[avatar user=”JM” size=”thumbnail” align=”left” link=”file” /]THE COVID-19 pandemic’s enforced lockdowns and strict guidelines have resulted in thousands of jobs lost particularly in the retail, food, and hospitality industries. With thousands of jobless Filipinos, many have started to engage in the so-called Gig Economy or part-time freelance jobs to make ends meet and put food on the table.
Even before the new normal has set in, many employers have begun shifting from traditional employment into outsourcing labor via independent contractors, freelancers, and shared service providers to deliver company needs. The traditional employment system has slowly been replaced with so-called ‘giggers’ and accelerated the entry of independent contractors. As many companies want leaner teams to be able to survive the worsening economic impacts of the pandemic, most find it rational to outsource in the already bustling Gig Economy than to hire in-house employees.
The gig economy is no stranger to many Pinoys. We are naturally ‘madiskarte.’ Even before Gen Z’ers and Millennials embraced freelancing and the growing gig economy, there were already mothers peddling Avon, Tupperware, and Natasha products and passing on brochures from one household to another as early as the 1990s. Even our educators at one time have already sold their tocinos and chorizos after each class to add to their meager salary back then.
Today’s giggers, however, are more technology-driven. With enforced lockdowns and restrictions prohibiting people from roaming around looking for work, most efforts to look for at least a part-time job involve hunting for one through the internet.
According to a 2020 report by Payoneer, an American financial services company, entitled Freelancing in 2020: An Abundance of Opportunities, the Philippines currently ranks first as the Fastest Growing Freelancing Country posting a 208 percent increase in people engaging in freelancing activities followed by India (160 percent), Japan (87 percent), Australia (86 percent), and Hong Kong (79 percent). Other countries in the top ten list that have seen a surge in freelancing activities also include Mexico, Canada, Pakistan, Argentina, and Spain.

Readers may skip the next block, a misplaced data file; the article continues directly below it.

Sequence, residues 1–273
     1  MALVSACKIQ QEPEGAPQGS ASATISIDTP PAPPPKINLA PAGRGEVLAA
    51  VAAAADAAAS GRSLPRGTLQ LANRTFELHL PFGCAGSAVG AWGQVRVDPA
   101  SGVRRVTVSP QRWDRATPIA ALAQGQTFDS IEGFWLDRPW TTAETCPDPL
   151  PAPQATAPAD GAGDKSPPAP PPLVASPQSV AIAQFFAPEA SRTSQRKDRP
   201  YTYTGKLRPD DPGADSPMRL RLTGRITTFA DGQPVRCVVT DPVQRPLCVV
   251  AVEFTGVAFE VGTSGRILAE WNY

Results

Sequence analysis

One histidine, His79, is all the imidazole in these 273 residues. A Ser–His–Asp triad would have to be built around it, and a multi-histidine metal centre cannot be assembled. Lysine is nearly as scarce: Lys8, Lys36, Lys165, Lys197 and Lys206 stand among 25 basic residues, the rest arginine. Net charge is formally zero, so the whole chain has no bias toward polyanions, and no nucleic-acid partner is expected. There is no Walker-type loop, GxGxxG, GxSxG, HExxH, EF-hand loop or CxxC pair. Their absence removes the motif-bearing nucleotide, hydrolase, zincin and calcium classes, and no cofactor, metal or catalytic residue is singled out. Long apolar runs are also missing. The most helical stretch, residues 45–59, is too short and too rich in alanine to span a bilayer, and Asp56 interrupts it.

It’s important to understand that the year 2020 did bring hardships but the opportunities and the change that it brought were also for the better.
The people who have managed to battle through 2020 are those who understood the importance of the Gig Economy. Despite having studies or full-time jobs, giggers always had a source of side-income on which they could rely on. Through this side-income, they were able to survive through the hard days when their organizations were brought to a standstill.
When asked by some full-time corporate employees where to find online side gigs, I often tell them to try finding extra work at Upwork, Onlinejobsph, PeoplePerHour, or RareJob because these are the websites where I usually hunt or use to offer my skills. If online selling is your thing, e-commerce platforms like Shopee, Lazada, and Facebook Marketplace are the best place to sell various products. There’s also a group on Facebook called Online Filipino Freelancers and Upwork Pilipinas where you can get advice on how to start freelancing and surviving in the competitive gig economy and discuss common struggles and challenges faced by members of the Filipino online freelancing community. In the next column, I’ll discuss in-demand skills for Filipino freelancers in 2021. If you haven’t read the previous Freelancer column, check it out here.